Colombia Reduces Planned Foreign Bond Sales to Ease Peso Gains

Colombia is scaling back plans for overseas bond sales this year by $1 billion as part of its bid to ease gains in the local currency.

Colombia will sell $600 million in foreign bonds in the remainder of this year after issuing $1 billion of notes last month, Finance Minister Mauricio Cardenas told reporters in Bogota. The total is down 38 percent from the $2.6 billion the government had said in December it would issue in overseas debt.

The Andean country is stepping up efforts to curb the peso’s 26 percent gain against the dollar since 2008, which has hurt exporters’ profits and helped fuel the highest jobless rate in Latin America. Colombia will buy $1 billion in the currency market to pay for interest and bonds coming due this year, the Finance Ministry said in an e-mailed statement today.

“We continue to reinforce all the measures to seek a more competitive exchange rate, and what we’ve done here is no small thing,” Cardenas said in announcing the bond-sale plan.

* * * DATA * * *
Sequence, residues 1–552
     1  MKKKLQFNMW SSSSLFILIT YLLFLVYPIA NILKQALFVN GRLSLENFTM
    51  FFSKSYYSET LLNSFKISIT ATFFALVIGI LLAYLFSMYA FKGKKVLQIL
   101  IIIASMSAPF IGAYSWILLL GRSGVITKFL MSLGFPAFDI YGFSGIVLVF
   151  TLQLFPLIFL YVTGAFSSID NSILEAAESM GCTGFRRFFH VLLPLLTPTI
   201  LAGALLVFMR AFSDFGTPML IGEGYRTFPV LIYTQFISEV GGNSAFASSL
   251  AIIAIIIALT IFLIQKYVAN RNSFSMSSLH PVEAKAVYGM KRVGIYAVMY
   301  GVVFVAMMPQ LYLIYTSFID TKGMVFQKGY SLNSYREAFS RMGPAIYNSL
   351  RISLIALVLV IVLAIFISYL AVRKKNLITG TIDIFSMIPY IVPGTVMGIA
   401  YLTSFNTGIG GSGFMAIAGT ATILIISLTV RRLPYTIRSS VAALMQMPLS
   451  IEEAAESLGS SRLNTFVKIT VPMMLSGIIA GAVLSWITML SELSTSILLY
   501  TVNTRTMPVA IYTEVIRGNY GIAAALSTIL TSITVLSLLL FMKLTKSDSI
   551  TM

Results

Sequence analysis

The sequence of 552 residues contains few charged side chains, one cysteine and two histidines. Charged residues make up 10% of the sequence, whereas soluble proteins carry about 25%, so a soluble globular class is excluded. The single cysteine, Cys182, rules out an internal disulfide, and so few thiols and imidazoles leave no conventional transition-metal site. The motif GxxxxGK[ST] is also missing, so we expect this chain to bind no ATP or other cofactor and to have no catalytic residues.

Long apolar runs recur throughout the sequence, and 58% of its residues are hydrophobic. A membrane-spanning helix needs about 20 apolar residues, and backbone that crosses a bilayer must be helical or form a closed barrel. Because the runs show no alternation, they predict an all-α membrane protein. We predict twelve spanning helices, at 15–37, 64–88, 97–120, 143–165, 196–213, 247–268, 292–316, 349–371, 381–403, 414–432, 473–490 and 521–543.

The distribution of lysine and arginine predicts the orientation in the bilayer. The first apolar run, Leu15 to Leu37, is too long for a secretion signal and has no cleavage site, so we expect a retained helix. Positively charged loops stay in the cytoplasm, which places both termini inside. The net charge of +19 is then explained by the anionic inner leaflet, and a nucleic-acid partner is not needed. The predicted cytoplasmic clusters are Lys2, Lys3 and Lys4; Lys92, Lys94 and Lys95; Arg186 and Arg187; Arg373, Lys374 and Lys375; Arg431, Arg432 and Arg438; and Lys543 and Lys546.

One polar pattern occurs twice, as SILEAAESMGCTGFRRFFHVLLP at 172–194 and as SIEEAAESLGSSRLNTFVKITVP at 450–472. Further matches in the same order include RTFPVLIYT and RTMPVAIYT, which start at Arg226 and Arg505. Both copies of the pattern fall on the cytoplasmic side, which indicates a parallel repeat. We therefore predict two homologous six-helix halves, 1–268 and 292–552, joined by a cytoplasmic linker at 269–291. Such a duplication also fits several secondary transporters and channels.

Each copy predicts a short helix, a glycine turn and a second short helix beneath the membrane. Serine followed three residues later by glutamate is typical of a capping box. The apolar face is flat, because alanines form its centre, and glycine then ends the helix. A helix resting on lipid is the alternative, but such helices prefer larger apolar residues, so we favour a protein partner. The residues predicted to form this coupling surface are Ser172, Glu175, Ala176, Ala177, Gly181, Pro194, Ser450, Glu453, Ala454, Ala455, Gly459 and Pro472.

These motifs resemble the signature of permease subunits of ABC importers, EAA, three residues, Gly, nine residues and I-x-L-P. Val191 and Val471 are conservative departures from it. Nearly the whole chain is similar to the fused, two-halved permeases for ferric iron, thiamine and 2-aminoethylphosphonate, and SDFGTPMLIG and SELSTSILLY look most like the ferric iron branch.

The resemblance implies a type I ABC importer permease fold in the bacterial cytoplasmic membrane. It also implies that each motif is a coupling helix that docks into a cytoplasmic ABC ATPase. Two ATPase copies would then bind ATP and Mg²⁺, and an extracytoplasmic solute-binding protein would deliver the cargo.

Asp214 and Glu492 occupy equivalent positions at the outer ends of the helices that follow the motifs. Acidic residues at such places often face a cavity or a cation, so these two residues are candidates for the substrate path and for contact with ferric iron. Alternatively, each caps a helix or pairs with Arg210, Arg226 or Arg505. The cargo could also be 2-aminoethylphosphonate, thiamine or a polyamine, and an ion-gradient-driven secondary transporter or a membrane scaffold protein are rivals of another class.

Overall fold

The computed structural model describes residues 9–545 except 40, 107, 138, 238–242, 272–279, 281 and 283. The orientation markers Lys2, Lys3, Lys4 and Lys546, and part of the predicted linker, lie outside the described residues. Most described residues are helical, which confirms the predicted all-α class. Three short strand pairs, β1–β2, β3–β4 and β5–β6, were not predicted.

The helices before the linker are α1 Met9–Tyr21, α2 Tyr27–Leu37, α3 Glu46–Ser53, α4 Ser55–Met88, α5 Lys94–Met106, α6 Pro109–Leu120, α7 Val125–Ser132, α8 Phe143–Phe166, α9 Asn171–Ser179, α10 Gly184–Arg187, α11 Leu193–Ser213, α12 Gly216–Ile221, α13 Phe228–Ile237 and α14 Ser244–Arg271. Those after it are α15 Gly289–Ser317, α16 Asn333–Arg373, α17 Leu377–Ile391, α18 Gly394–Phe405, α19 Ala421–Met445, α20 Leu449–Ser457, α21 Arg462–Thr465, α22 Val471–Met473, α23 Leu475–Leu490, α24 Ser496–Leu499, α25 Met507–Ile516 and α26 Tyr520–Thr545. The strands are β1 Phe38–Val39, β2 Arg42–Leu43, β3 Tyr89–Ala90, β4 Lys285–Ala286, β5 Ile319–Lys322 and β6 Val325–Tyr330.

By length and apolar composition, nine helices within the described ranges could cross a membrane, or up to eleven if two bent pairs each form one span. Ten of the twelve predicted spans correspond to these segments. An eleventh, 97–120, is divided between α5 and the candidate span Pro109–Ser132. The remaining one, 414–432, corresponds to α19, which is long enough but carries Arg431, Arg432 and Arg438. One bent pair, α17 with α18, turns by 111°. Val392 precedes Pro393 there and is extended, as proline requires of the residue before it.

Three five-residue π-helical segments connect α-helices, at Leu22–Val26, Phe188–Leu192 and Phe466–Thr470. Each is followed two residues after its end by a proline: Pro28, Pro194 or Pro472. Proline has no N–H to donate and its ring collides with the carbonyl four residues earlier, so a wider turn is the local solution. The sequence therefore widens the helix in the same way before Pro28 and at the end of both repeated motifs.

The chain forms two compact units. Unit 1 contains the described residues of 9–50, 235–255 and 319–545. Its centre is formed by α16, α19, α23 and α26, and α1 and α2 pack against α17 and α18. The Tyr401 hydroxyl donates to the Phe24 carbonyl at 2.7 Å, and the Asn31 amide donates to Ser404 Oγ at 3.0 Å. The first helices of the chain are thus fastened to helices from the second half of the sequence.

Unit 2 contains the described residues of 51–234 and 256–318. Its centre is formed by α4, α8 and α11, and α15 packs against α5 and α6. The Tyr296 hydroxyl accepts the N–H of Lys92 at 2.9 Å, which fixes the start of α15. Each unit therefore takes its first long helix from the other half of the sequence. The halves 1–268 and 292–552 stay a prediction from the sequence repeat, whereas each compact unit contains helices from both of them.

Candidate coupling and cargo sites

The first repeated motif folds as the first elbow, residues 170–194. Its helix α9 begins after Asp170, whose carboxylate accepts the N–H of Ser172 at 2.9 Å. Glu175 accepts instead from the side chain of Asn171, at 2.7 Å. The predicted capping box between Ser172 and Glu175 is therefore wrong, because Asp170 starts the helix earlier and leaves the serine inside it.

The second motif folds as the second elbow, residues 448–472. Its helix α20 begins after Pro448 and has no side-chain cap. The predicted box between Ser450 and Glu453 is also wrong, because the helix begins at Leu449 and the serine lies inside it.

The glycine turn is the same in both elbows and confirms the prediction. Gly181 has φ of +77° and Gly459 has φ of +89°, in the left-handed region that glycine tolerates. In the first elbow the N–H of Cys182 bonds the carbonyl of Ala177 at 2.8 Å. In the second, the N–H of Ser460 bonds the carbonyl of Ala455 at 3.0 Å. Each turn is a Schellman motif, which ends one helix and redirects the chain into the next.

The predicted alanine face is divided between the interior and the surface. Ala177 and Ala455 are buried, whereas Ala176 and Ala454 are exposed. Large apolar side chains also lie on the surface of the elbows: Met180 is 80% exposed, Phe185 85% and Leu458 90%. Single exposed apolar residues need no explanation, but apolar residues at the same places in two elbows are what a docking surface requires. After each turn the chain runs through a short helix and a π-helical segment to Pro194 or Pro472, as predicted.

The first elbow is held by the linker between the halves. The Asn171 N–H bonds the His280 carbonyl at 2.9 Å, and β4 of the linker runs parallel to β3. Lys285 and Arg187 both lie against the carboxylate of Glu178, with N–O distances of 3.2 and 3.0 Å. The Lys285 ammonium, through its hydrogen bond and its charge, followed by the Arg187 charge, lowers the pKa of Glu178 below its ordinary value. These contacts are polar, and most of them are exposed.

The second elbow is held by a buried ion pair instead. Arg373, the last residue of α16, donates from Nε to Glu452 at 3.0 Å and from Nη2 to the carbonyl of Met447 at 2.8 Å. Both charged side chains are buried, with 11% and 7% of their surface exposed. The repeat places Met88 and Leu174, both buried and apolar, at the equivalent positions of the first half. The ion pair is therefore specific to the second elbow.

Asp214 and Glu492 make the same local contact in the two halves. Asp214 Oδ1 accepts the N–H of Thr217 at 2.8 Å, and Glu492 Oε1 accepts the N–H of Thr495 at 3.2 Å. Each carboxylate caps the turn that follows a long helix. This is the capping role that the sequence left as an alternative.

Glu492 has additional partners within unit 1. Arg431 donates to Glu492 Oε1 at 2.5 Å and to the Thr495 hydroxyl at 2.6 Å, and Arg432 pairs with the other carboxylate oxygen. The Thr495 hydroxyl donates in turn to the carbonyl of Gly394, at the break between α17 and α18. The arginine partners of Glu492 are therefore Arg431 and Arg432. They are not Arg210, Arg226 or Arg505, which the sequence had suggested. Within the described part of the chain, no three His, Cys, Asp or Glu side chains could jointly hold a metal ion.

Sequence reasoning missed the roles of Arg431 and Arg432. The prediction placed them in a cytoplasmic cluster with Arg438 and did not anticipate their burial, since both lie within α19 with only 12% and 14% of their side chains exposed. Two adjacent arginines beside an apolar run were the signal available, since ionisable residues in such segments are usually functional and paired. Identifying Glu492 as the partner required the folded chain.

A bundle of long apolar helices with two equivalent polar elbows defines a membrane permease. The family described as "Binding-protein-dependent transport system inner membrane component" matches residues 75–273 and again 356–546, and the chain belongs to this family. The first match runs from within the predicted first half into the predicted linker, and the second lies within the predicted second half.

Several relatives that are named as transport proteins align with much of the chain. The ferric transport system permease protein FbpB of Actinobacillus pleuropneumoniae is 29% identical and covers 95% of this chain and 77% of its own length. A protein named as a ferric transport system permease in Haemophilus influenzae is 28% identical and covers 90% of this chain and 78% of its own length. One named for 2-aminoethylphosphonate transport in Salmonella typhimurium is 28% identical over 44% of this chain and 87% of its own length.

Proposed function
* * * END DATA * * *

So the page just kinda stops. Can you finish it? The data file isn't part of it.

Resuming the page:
The central bank also said Jan. 28 that it will buy at least $30 million a day in the currency market, bringing purchases in the foreign-exchange market to $3 billion between February and May.

Colombia will borrow $1 billion from multilateral lenders this year, Cardenas said. That amount is unchanged from what the government had announced in its 2013 Financing Plan.

To contact the reporters on this story: Andrea Jaramillo in Bogota at ajaramillo1@bloomberg.net; Oscar Medina in Bogota at omedinacruz@bloomberg.net

To contact the editor responsible for this story: David Papadopoulos at papadopoulos@bloomberg.net

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